Liquid air is a proven energy storage technology that could play a critical role in Britain’s low carbon energy future, according to a major new report from business and academic experts.

The use of liquid air could increase UK energy security, cut greenhouse gas emissions, and create a storage industry worth at least £1bn pa and 22,000 jobs, the report found.

The news comes as the report is officially launched today at the Liquid Air Energy Conference in London, UK.

Published by the Centre for Low Carbon Futures (CLCF), the report concludes that liquid air technologies could also significantly increase the efficiency of road vehicles, particularly in Britain’s fleets of buses, vans and refrigerated lorries.

Liquid Air is a pioneering solution to the problem of energy storage, which captures ‘wrong time’ energy – such as excess renewable energy produced at night when there is too little demand – and storing it to provide peak time electricity and/or low carbon transport fuel. It can be used in proven grid-scale energy storage systems (Highview Power Storage has been running a pilot plant hosted by SSE in Slough for two years) and a number of novel engine designs.

The Dearman Engine is a piston engine that runs on liquid air, with a commercial demonstration engine is currently being built with Ricardo. Meanwhile, the Ricardo split-cycle engine is a highly efficient diesel design that uses liquid nitrogen to capture heat from its own exhaust. Liquid air technologies require no rare or expensive materials such as lithium or platinum.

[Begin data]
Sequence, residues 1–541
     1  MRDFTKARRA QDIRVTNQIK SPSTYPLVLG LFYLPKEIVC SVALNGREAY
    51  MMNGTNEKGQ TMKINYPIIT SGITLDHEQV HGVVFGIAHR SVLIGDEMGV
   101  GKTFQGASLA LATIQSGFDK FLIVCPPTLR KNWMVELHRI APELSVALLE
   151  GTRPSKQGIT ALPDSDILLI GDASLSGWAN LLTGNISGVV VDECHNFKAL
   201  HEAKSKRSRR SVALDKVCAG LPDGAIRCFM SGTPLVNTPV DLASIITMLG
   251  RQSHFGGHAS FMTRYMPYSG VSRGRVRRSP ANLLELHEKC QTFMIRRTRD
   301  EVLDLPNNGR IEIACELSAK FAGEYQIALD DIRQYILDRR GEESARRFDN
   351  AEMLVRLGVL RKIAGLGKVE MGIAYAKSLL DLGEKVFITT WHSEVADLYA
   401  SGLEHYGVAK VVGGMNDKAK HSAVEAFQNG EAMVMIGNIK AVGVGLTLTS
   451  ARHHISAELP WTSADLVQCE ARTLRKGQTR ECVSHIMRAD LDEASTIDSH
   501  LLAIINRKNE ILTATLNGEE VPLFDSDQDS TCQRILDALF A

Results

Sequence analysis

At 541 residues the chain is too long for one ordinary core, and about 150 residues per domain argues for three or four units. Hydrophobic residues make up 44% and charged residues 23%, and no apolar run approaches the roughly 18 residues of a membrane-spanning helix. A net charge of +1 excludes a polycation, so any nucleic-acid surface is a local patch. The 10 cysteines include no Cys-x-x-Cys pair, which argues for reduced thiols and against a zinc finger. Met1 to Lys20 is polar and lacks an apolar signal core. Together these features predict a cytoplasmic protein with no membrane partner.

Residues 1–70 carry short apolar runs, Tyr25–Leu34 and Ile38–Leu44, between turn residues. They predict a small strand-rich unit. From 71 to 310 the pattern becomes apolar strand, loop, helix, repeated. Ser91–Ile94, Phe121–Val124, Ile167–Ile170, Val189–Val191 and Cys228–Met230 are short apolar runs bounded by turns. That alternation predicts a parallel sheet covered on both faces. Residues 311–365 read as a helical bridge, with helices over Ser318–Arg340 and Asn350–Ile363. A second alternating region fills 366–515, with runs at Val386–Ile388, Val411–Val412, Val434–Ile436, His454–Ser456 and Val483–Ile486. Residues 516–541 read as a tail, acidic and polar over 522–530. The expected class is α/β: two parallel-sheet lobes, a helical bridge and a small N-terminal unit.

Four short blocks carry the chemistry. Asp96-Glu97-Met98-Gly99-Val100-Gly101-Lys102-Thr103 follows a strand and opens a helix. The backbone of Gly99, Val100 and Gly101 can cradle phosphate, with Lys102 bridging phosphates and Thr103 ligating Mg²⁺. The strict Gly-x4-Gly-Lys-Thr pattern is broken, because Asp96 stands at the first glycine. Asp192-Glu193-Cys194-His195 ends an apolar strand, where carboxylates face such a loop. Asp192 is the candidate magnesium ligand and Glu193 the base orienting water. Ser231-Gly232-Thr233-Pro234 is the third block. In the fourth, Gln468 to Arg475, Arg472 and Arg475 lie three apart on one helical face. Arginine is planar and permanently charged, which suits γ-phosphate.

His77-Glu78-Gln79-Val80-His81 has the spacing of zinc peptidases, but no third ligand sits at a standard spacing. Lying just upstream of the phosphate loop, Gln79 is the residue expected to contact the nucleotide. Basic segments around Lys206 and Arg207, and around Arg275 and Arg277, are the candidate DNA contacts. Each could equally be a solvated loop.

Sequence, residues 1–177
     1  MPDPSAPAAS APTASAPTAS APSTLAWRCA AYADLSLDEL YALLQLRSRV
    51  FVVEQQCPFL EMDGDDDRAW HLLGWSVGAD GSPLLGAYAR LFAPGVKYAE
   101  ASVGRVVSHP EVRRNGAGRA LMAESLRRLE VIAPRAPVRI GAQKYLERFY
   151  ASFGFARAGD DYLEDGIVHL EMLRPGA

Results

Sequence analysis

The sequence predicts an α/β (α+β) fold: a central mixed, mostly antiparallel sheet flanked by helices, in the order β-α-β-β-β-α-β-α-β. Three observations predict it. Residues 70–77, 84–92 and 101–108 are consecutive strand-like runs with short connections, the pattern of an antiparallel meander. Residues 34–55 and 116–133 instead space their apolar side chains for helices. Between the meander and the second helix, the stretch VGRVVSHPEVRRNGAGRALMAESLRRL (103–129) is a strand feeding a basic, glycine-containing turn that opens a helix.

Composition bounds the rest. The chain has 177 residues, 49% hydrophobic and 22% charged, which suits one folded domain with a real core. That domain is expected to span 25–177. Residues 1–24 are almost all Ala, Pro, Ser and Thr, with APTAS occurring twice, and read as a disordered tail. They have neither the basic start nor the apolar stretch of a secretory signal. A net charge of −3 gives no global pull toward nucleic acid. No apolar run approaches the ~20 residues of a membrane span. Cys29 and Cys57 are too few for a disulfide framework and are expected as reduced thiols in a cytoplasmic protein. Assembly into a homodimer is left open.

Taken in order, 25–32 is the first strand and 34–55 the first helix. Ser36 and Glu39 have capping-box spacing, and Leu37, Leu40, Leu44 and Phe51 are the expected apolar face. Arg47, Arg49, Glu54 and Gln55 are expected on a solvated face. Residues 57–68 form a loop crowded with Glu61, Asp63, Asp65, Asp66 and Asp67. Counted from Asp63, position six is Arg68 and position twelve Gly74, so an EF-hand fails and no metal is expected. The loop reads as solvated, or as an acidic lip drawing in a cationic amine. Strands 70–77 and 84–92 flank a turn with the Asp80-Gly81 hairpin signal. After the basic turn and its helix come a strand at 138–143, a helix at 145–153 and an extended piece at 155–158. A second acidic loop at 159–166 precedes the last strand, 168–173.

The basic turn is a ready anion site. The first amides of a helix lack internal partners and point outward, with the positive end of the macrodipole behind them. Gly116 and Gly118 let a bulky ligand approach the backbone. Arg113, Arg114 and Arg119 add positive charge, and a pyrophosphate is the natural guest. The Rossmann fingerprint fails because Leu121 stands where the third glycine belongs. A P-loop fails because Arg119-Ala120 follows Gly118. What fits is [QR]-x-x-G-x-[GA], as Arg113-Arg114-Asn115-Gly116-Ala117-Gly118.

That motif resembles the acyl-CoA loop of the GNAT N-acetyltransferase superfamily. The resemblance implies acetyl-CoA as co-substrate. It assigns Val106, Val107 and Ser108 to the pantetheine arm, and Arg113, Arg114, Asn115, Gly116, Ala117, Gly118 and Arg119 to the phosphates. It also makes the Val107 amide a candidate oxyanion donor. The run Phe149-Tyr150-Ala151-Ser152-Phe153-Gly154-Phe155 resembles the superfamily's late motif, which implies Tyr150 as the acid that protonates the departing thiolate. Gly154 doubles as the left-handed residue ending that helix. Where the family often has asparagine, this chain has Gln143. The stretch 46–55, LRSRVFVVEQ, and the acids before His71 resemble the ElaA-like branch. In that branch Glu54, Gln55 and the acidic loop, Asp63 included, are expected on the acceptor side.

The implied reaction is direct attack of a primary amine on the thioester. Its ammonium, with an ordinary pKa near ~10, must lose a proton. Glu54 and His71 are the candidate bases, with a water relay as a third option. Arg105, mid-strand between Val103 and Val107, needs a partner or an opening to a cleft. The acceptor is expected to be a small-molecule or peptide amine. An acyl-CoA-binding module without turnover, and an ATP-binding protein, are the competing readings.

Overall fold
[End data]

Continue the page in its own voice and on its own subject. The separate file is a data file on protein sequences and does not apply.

“Solving Britain’s energy crisis requires better ways to store the power of the wind and the sun at large-scale without relying on scarce natural resources, and liquid air provides a missing piece of that puzzle”

Professor Richard Williams, OBE

“Solving Britain’s energy crisis requires better ways to store the power of the wind and the sun at large-scale without relying on scarce natural resources, and liquid air provides a missing piece of that puzzle,” said Professor Richard Williams OBE, Pro-Vice Chancellor University of Birmingham, who led the report for CLCF.

But Williams added, “We have an opportunity, and growing need, to scale-up our investment in technologies that will ensure the energy from renewables is not wasted, and the opportunities for the UK industrial sector are not lost. The Government is investing to give academic and business communities the chance to lead the world and develop new technologies and industries that can benefit the UK.”

“Liquid air should be part of that effort; as the CLCF report published today shows its a prime example of a technology that has the potential to deliver a more efficient energy system and bring the benefits of green growth to the UK.”

Williams is currently opening the Liquid Air Energy Conference and encouraged, “Through our report, this conference today, we invite policy makers, the research community and private sector to consider our recommendations, join in the evidence gathering and debate, and build on the work already underway.”